The action is all well-drawn, but action doesn't necessarily catch at my heart--or even my attention--like the emotional sides to the story, the character and relational development. One of the first times the story really gets at me is on Harry's birthday, when Ginny calls Harry into her room and gives him the only gift she can think of: one heartrending, passionate parting kiss. Ron's rude interruption and the obvious, though hidden, emotions of both Harry and Ginny added to the impact of the moment. It rang both true and deep for me. I'm a romantic; a romantic in love, at that. What can I say?
The scene in the graveyard at Christmas is magnificent: vivid, hushed; the light and caroling coming from the little church, the snow, the moments by the various graves. "Where your treasure is, there will your heart be also" is written on the grave of Dumbledore's mother and sister; Christ's words expressing Dumbledore's repentance. Harry's unveiled sorrow at the graves of his parents: Lily, her birthday three days after mine; she was three months older than her husband, which strikes me, I guess, because I am a little older than Lou. Lily and James, killed on Halloween; their son, alive because of their sacrifice, tasting despair; Hermione quietly conjuring a wreath of Christmas roses for Harry to lay on the graves.
Ron's return, his rescue of Harry from the icy pool and the Horcrux, and his battle with the Horcrux itself some minutes later--Ron has never hidden his emotions well, but here Rowling lets us see clearly what has tormented him over the years and especially in the previous months. At the end, the Horcrux is destroyed and his eyes are wet. It just makes Hermione's kiss, given much later, all the sweeter.
The death of Dobby and his burial was one of the best scenes in the book. It needed to be, as it became the turning point for Harry in his quest. But I loved the fact that the last words Dobby spoke were Harry's name; that Harry dug the grave by hand, without magic; that Harry and Ron and Dean buried the faithful little elf in clothes of their own; that while digging the grave, amid sweat and blisters and grief, Harry learned to trust Dumbledore even through incomplete information and to close his mind to Voldemort.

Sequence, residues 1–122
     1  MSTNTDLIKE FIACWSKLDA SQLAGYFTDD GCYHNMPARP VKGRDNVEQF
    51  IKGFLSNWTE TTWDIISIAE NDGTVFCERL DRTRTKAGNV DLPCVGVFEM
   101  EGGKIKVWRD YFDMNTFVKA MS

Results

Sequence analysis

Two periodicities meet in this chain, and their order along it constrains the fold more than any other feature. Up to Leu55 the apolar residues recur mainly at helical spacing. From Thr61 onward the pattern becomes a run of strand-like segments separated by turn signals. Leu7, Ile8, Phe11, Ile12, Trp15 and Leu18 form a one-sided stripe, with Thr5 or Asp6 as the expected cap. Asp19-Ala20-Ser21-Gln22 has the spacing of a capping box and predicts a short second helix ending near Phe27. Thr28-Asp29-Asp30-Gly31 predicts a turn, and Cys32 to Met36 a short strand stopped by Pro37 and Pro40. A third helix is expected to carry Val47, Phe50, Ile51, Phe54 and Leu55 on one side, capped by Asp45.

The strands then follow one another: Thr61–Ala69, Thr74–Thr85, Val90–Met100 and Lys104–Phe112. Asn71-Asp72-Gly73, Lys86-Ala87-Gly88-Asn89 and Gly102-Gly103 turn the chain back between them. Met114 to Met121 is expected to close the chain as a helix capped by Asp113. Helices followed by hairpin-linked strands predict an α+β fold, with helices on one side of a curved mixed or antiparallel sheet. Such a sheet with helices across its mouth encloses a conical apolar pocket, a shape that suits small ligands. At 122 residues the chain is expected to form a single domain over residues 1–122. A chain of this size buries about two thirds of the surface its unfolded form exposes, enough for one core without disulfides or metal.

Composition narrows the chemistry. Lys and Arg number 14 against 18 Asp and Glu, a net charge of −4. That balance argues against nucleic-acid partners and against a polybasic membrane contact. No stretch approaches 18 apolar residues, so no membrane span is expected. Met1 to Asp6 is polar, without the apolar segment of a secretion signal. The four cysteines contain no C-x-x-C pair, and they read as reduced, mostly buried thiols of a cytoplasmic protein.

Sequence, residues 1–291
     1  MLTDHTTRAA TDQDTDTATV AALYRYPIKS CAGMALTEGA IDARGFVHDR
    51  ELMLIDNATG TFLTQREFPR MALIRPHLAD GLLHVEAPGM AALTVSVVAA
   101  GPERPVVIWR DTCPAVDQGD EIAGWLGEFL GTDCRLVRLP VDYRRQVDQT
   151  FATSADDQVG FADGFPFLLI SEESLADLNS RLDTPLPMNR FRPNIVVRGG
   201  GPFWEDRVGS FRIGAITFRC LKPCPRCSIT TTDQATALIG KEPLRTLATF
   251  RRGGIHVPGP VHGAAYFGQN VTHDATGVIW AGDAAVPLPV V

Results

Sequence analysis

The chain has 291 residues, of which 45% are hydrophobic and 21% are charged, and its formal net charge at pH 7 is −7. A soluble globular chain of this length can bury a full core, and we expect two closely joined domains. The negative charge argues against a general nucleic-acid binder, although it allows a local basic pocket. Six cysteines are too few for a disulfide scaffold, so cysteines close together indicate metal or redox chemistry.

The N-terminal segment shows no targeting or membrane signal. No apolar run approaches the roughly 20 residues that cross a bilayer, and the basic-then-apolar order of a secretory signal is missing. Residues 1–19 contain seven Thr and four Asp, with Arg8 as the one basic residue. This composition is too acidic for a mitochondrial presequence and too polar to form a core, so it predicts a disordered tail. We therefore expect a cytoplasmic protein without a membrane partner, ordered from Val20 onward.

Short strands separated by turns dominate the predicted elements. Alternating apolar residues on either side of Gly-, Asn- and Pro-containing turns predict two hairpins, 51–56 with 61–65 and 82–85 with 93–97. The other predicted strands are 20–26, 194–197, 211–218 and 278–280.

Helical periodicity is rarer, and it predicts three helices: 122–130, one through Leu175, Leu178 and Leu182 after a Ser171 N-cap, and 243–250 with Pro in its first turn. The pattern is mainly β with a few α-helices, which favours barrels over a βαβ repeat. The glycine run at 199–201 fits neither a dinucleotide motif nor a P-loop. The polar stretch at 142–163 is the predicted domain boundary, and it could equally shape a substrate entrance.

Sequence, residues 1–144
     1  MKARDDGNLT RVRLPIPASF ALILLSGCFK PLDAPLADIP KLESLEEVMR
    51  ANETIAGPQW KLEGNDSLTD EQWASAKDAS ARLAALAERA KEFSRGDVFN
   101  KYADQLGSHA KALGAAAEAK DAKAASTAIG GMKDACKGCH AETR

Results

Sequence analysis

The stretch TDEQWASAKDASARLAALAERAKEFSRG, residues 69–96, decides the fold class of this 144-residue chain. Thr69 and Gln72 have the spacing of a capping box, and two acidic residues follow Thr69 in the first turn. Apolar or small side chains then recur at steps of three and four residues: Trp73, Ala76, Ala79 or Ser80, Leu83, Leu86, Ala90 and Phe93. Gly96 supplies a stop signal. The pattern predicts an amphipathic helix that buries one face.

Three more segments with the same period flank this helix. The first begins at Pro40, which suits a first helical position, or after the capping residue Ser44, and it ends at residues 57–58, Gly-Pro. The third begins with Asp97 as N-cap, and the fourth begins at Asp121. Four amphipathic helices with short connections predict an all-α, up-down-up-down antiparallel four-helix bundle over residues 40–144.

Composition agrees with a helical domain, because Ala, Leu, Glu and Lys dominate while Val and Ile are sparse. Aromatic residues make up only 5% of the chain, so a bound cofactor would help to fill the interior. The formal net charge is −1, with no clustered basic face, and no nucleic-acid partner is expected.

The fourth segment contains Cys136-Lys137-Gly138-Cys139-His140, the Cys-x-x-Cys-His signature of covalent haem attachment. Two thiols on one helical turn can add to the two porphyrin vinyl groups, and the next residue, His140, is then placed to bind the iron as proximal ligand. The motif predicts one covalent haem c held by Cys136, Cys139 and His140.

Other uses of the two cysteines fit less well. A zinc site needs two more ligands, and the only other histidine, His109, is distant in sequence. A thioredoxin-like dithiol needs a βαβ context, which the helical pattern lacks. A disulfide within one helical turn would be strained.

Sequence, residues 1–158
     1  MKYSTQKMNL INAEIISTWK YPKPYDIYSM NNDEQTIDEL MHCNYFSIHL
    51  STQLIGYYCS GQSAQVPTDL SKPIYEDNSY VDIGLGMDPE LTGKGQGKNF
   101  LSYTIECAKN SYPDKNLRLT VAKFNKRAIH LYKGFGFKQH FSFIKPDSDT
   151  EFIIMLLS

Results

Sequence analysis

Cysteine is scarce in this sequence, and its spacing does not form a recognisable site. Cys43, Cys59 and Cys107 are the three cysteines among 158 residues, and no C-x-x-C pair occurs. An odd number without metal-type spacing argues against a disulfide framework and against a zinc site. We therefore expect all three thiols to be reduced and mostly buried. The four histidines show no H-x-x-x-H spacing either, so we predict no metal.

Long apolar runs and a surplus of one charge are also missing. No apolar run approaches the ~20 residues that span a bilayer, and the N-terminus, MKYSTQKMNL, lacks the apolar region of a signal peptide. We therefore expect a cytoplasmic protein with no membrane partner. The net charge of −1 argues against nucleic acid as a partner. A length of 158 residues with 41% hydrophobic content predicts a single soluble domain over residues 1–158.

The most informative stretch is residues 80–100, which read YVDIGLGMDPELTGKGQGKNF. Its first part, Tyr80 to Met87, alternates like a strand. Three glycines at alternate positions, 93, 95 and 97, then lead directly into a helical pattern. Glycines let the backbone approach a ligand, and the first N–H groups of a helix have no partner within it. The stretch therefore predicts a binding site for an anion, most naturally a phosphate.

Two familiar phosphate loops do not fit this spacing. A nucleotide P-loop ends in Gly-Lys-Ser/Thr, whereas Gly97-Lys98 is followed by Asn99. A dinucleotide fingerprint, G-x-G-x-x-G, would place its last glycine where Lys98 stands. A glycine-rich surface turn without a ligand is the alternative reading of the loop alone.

The whole chapter where Harry walks, willingly defenseless, to his own death ... is indescribable. His sudden, focused awareness of his living body, especially the frantic beating of his heart--"perhaps it was determined to fill a lifetime's beats before the end"--and the interaction with his parents and Sirius and Lupin through the Resurrection Stone--I held my breath and ached all the way through this; and when his eyes first met his mother's, it brought me to tears.
And Voldemort spoke the Killing Curse, and Harry winds up talking to Dumbledore in a clean, white, practically empty King's Cross Station. Dumbedore is living after death; Harry can choose to 'go on' in death or go back and attempt to defeat Voldemort, finally and completely. Harry hears the whole truth, at last, from Dumbledore; clean and unaltered, lacking the bitterness of Aberforth, the twisted nastiness of Rita Skeeter, and the blindness of Elphias Doge. That scene is beautiful and pure and hope-filled and symbolic on many levels.